Last week, we outlined some great holiday season ideas to do in Edmonton and Sherwood Park. This week, since we’re all “Italian At Heart” we thought we could teach you what Italians do in their own country!
Italians kick off the holiday season on December 8, by decorating everything and anything and it’s also when a lot of Italian Christmas markets start to go up.
This is Rome’s most famous market in Piazza Navona:
Decorations and huge Christmas trees can be found in main piazzas, like in front of the Colosseum or in Milan’s Piazza Duomo, and Babbo Natale (Father Christmas, the Italian version of Santa Claus) spreads holiday cheer.
The eight days before Christmas, also known as the Novena, are filled with carollers singing traditional songs around the neighbourhood. If you’re in Rome, southern Italy or Sicily, keep an eye out for the zampognari, or bagpipe players—they travel from the nearby mountains to play their merry folklore carols.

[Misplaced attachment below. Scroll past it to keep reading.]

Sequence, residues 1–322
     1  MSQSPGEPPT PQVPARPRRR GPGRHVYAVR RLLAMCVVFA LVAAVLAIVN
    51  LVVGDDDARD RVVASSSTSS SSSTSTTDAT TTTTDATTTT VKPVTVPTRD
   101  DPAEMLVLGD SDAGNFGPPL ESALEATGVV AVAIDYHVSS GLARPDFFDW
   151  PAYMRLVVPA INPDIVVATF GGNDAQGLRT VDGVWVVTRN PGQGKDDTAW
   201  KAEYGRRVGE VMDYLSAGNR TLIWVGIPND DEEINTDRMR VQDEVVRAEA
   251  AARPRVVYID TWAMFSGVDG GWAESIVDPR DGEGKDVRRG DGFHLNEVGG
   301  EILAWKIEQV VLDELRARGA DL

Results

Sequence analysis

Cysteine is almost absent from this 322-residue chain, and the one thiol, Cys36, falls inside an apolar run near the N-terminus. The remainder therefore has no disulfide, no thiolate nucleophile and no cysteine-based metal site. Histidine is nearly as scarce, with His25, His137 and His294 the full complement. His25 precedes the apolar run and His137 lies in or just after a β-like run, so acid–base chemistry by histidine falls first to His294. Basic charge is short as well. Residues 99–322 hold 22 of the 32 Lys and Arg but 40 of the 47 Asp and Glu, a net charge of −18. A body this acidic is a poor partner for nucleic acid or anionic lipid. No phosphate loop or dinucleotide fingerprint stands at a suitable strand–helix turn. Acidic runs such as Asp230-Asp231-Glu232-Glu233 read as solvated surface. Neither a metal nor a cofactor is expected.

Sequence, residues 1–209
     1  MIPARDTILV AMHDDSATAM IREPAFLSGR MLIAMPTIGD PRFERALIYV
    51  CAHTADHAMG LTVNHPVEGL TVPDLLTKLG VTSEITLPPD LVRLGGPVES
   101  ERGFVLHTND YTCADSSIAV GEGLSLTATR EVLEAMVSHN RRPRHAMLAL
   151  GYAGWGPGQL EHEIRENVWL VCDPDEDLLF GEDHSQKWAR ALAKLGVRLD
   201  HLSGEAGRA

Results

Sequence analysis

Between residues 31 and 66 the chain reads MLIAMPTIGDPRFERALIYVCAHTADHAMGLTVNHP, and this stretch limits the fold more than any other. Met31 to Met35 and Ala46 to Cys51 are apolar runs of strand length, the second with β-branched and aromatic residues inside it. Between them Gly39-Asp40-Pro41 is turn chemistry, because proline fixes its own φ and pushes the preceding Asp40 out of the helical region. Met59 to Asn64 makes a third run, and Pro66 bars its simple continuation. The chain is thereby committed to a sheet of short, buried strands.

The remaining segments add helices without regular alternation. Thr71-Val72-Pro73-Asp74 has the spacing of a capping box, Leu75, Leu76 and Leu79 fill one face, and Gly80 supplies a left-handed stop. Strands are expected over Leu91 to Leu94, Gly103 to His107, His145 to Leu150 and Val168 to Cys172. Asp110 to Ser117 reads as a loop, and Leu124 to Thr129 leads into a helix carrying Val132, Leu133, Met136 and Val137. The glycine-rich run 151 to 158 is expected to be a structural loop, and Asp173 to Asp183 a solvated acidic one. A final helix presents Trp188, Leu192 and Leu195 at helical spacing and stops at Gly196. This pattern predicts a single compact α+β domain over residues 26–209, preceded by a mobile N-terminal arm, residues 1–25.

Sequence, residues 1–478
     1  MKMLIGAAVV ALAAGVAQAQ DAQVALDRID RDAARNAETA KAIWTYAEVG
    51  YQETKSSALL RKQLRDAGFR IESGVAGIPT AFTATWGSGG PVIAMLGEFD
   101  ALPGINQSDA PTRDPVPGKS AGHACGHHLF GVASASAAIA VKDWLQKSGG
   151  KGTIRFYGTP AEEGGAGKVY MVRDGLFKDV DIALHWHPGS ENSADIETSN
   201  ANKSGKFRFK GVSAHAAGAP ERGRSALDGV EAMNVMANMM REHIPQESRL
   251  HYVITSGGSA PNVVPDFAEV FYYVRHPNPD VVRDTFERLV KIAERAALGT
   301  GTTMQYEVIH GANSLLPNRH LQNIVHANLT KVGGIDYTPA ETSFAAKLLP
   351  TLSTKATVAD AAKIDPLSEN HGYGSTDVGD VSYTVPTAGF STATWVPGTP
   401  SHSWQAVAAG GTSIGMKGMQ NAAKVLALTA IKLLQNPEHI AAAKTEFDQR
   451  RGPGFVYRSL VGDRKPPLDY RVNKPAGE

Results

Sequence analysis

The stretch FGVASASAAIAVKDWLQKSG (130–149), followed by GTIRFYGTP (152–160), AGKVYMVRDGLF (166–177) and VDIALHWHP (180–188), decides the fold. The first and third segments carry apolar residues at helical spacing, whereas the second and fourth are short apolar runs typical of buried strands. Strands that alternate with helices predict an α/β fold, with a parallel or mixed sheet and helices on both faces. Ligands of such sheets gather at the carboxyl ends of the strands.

Presepi, which are nativity scenes, are displayed in churches and piazzas. Crafting these ornate works of art by hand remains an artisanal tradition in many parts of the country. Naples, a southern Italian city, is world-famous for their hand-made presepi, and still has whole streets with one workshop after another devoted to the craft.
On Christmas Eve, it is tradition to avoid meat and to have a “lean” meal. What usually happens is most families will indulge on multiple courses of fish.
On Christmas Day, after the “light” Christmas Eve dinner, Italians invite their family and friends for a large lunch that usually goes all day. Many save up to have the most lavish celebration possible, serving up traditional dishes like pasta in brodo (pasta in broth), roasts and sweet bread desserts like panettone.
Celebrations often extend into December 26 with the national holiday of Santo Stefano; families get together and eat leftover Christmas dishes and sweets.
The official end of the Christmas season, though, isn’t until January 6—the Day of the Epiphany, and the twelfth day of Christmas. On the eve of the Epiphany, families usually prepare a large dinner to mark the end of the holiday season.
When you exchange gifts completely depends on where you are from in Italy!
Ask an Italian when her family opens gifts, and it might give you a clue to where she’s from! Gifts are commonly exchanged on Christmas Day after lunch, but some smaller, northern Italian cities believe that the blind Saint Lucia brings gifts for children on December 13, so they open them that morning. Other families may wait until January 6, the Epiphany, when La Befana brings the gifts.